Mark: Working 100 percent every day means different things to different people. Some things that, I think, are pretty common when people talk about it is the availability that we talked about earlier. Are you available to your students past the normal school hours, which, I think, is probably 8:00 to 3:30, and we're in school from 7:30 until 4:30 Monday through Friday. So are you available those times, which are already longer? Then on top of that, are you available to your students outside of those hours? Are you available to pick up the phone when they call you at 9:00 upset about a fight that they've had with their parents? Are you available to return a phone call when they ask about homework that you gave that they don't understand? Then when you're in the classroom, we're not okay with just average lessons. They need to be high energy, high impact lessons that are going to ensure that students who are here for-- what is that? Nine hours a day? Are making sure that during those nine hours that they're here, they're not getting, eh, four to five hours of great instruction. But they're getting as close to nine hours of great instruction as possible.
Mark: Burn-out is something that we have to deal with, but we work hard as administrators to find ways to relieve teachers and kind of try and provide some balance in a job that's inherently unbalanced. You know, we do things like making sure they have common planning times. So that they aren't having to meet after school. After school they can spend time with students, or if they need to go home and spend some time with their families, they can do that, but try and maximize the time that they have in school. So common planning times is one of them. We also have a weekly early dismissal on Wednesdays where teachers gather to do professional development. And sometimes if we don't have something really well-planned, then we'll do something fun like have a staff volleyball game, or a staff picnic or a staff barbeque. Just something to continually draw on our strength of relationships with each other.
Mark: We don't have fights, because we don't allow fights. And I believe that if we lowered that bar-- just like if you lower an academic bar, if you lower a behavior bar, what it ends up doing is it makes things permissible that shouldn't be permissible. And if we're going to call ourselves a family-oriented school-- now, I know families fight-- we're not going to have people getting in fist-fights in the hallway, and say, "That's okay," by allowing them to stay. And thinking about the course of this year, we've had two fights, and for a middle school and a high school, I mean, it's remarkable. And I guess you can write it off and say, "Oh, yeah, well, you got to hand pick the student who were here, and so they're not prone to fighting." I would disagree. A) We didn't handpick them, because we do an open enrollment lottery; B) Middle school students and high school students, period, are prone to fighting. And what we need to do is educate them about the alternatives. And so we have a social worker on-staff, a full-time social worker. We're looking to expand that role. Every day students are in advisor meeting with a group of teachers. So we're looking for ways not just to say, "Oh, students don't fight," but how do we educate students so that fighting isn't their first choice, they have other alternatives.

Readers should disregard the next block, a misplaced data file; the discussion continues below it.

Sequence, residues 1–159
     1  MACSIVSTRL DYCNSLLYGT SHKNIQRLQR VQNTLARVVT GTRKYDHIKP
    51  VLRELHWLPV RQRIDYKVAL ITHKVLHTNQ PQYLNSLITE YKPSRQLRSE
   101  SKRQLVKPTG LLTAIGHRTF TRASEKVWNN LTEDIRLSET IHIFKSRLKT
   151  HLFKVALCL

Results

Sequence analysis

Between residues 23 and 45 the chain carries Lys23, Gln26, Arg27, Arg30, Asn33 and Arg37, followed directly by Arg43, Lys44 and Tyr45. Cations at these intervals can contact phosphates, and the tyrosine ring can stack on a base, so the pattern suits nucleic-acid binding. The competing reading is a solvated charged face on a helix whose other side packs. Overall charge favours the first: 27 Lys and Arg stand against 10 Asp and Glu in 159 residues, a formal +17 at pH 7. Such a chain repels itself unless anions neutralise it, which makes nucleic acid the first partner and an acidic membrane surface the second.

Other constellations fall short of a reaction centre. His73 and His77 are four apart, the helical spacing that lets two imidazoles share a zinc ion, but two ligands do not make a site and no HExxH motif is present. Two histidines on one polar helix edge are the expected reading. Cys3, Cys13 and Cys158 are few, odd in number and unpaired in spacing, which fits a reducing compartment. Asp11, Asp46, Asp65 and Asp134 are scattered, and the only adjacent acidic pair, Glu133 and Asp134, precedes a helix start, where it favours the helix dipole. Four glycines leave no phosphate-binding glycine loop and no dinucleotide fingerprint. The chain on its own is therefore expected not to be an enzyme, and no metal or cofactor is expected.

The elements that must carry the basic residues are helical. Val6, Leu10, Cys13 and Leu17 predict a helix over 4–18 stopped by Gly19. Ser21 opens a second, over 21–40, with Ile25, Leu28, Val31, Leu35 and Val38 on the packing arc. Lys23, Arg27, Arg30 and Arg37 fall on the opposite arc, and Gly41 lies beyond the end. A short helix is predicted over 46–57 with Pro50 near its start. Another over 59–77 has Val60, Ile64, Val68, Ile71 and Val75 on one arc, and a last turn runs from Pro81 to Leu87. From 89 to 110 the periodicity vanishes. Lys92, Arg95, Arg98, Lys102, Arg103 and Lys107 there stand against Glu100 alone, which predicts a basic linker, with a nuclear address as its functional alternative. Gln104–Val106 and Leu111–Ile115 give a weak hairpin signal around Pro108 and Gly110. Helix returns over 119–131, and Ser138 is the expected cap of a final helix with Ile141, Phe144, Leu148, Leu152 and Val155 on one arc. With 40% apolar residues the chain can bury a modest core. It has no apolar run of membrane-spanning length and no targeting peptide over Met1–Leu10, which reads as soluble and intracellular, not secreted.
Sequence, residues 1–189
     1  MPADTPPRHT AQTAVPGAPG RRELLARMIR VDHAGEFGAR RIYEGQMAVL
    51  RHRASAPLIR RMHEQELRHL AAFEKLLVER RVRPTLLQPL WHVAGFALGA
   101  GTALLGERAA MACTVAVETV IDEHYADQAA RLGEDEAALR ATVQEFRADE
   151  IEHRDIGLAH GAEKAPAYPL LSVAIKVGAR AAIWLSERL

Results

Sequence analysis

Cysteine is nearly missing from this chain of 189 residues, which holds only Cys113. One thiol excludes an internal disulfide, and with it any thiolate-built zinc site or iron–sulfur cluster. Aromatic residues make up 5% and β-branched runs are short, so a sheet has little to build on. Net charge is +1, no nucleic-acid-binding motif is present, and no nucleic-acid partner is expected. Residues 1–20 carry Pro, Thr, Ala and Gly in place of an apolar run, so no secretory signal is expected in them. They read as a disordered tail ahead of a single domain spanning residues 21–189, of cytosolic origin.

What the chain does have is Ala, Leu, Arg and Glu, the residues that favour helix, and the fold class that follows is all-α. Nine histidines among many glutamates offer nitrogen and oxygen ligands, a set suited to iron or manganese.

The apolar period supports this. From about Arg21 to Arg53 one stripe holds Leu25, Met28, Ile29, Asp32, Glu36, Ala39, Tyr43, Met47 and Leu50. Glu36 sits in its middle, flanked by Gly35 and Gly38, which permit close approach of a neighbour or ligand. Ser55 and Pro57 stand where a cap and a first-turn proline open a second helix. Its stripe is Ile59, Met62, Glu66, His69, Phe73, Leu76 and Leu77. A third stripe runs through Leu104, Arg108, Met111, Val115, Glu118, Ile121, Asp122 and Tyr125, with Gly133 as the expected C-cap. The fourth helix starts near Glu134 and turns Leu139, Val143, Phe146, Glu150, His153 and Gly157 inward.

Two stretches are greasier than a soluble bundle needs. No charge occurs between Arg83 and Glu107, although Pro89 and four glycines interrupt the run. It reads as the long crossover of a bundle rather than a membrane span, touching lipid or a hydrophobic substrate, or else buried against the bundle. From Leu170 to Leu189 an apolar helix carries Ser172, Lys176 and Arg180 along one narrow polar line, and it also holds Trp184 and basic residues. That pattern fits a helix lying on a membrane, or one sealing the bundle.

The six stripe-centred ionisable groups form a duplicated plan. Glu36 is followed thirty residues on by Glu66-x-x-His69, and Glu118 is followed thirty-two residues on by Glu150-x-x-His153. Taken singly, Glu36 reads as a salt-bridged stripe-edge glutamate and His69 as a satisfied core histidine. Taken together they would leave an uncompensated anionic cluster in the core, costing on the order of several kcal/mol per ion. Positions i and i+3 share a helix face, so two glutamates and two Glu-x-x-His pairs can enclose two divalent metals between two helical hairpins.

Mark: The first group that came here, they left, and their parting words to me were, "This is possible. We can do this." And I believe that, right? It's possible. Is it going to look exactly like what we do? No, I don't think you can take it and just kind of cookie-cutter, lay it on top of whatever you're doing at your school. But are the ideas here? Are they possible? Absolutely. And what you have to have is a sense of a possibility. I mean, it's not going to be easy, and we've been working at this for ten years, and we still have a ton of stuff to do. So there aren't any quick fixes, I don't think. I think it requires a ton of hard work, and I mentioned this earlier, and I believe this, that it involves people seeing education as much more than just a job that you go to, but you would give it the same passion that you would give it if you truly believed that someone's life was in danger. So I think about a doctor. If a doctor is saving someone's life, they're not going to stop because the workday ends. They're going to keep going and doing whatever it takes to make sure that happens. And if you had more people thinking like that, that this would-- that our nation's health depends on how well we're educating our students; if you had more people completely bought into that idea, that their welfare is directly tied to the students' welfare, I think it's absolutely possible.
Narrator: For more information on what works in public education, go to edutopia.org.